Similar to depression is bipolar disorder. It’s another type of mood disorder characterized by extreme mood swings from mania to depression. It can lead to risky behaviors and suicidal tendencies. It also results in changes in sleep and behavior. Symptoms of bipolar disorder include periods of extreme happiness contrasted with symptoms of depression. Each state can last for weeks, months, or even years before patients flip-flop to the other.

Eating Disorders

Eating disorders can also be tied to anxiety. These are disorders that involve extreme emotions and behaviors related to food and weight. Common eating disorders include the following:

Anorexia Nervosa

Anorexia patients view themselves as being overweight despite being extremely thin. This leads to unusual eating habits like avoiding food or weighing their food before eating it. They may also obsessively check their weight and engage in other techniques for losing weight, such as vomiting, using laxatives, or exercising excessively. This can lead to serious medical conditions like low blood pressure, anemia, thin bones, and infrequent periods.

Bulimia Nervosa

Bulimia nervosa is similar to anorexia because it involves a fear of weight gain. However, bulimia is characterized by behavior of binge-eating and purging, such as through the use of laxatives or vomiting. This can cause sore throat, swollen glands, gastroesophageal reflux disorder, kidney and intestinal problems, and severe dehydration.

Binge Eating Disorders

Binge eating is unlike anorexia or bulimia because patients do not obsessively purge their bodies following a binge. However, they do tend to experience guilt or shame about their eating habits, which leads to further binge eating. These patients may have anxiety, depression, or other psychological disorders, and they tend to be overweight or obese, which increases their risk of hypertension and cardiovascular disease.

If you suspect that you or a loved one is suffering from a mental illness, consult a mental health professional for a proper diagnosis and recommendations for your treatment options.

Warning Signs and Risk Factors of Suicide

This year, National Suicide Prevention Week runs September 10-16, with World Suicide Prevention Day falling on September 10.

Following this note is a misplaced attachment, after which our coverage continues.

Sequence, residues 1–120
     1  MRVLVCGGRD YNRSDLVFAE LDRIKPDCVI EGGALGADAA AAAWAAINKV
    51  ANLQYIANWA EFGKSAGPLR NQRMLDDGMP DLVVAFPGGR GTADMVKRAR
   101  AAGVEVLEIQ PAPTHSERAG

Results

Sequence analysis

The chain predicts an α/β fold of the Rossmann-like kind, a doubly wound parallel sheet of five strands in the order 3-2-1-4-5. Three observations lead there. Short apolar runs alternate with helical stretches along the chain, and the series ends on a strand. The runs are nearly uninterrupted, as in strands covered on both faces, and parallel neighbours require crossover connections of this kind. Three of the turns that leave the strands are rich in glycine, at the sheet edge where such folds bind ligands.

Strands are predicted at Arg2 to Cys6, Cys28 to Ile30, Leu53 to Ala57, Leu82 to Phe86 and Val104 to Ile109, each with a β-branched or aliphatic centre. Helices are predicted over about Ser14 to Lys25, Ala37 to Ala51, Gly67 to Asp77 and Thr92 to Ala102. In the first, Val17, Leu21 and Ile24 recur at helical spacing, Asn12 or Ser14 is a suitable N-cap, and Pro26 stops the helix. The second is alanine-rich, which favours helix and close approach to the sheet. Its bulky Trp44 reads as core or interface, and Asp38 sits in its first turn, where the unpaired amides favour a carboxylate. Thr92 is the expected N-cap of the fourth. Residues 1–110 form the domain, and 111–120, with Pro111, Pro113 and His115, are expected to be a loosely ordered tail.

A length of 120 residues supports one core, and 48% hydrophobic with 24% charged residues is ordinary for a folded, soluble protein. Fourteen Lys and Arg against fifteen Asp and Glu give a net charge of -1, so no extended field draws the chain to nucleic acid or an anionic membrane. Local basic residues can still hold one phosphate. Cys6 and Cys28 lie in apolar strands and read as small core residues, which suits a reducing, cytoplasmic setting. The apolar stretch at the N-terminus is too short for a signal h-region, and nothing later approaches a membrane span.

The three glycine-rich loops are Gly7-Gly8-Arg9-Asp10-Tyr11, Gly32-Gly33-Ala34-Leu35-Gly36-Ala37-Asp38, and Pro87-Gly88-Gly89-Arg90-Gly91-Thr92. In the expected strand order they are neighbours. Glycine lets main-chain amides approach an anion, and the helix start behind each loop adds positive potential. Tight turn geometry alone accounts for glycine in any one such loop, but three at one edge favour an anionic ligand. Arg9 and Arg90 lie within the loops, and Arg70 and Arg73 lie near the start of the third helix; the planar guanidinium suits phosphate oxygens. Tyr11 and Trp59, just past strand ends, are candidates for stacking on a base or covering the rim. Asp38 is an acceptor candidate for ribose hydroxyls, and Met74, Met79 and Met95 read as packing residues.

According to the World Health Organization, suicide claims the lives of nearly 800,000 people annually. That’s one suicide every 40 seconds across the globe. Estimates show that for every adult who succeeds in suicide, another 20 have attempted it.

The stats are particularly troubling among young adults, as it’s the second leading cause of death for individuals ages 15 to 29. Four out of five teens who attempt suicide have shown clear warning signs.

Suicide prevention starts with learning to identify the warning signs and risk factors so that you can help your loved ones get the care they need before it’s too late.

Warning Signs of Suicide

The warning signs of suicide may develop slowly over time, which can make it difficult to identify if a loved one is at risk. Many of these signs may seem harmless on the surface but be causing serious internal distress. Some of these signs that are harder to spot include:

  • Mood swings, especially bouts of sadness or rage
  • Sleep disturbances
  • Withdrawal from everyday activities or social situations
  • Personality changes

More serious signs of suicide involve engaging in dangerous behavior, such as taking drugs or driving recklessly. Some people who consider suicide will talk or write about it. You may notice they show more interest in the topic of death, talk about being a burden to others or that life doesn’t have a purpose, or even outright threaten to end their own life. These threats should always be taken seriously.

A person who has decided to commit suicide may exhibit sudden calmness, which is a sign that they know their life is going to end soon. Others may make preparations, such as by creating a will or visiting family and friends to say goodbye.

Risk Factors of Suicide

Suicide is not limited by age, gender, race, nationality, or other demographic, nor does it have one single cause. However, some people are at higher risk than others.

Suicide rates are highest among the elderly, teens, and young adults. Risk factors include:

  • Past trauma, such as abuse
  • Recent death in the family
  • Overwhelming stress, such as following a job loss or divorce
  • Family history of suicide
  • Substance abuse
  • Long-term illness
  • History of mental disorders, especially clinical depression
  • Aggressive or impulsive tendencies
  • Previous suicide attempts

Individuals, especially teens, with little to no social support are also at high risk of suicide. This may include support within the family, community, or school.

Preventing Suicide

If these warning signs and risk factors remind you of yourself or a loved one, prevention is possible.

It starts by seeking out support or lending your own support. A strong social network can drastically reduce suicide risk by giving the individual a trusted outlet to work through their problems. In combination with that support network, or if that support network is not available, clinical care can also help individuals recover. These programs may focus on mental health, physical disorders, or substance abuse.

If you believe a loved one is in danger of taking his or her own life, be there to show you care. Do not leave him or her alone, and be sure to remove any possible weapons from the area. Encourage your loved one to remain calm and to seek psychiatric care. In some cases, immediate medical attention may be required.


How Does Sleep Affect Your Overall Health?

Are you getting enough sleep at night? According to the Centers for Disease Control and Prevention, one third of adults aren’t getting the sleep they need, and you could be one of them. The National Sleep Foundation suggests that adults ages 18 to 64 get between seven and nine hours of sleep every night.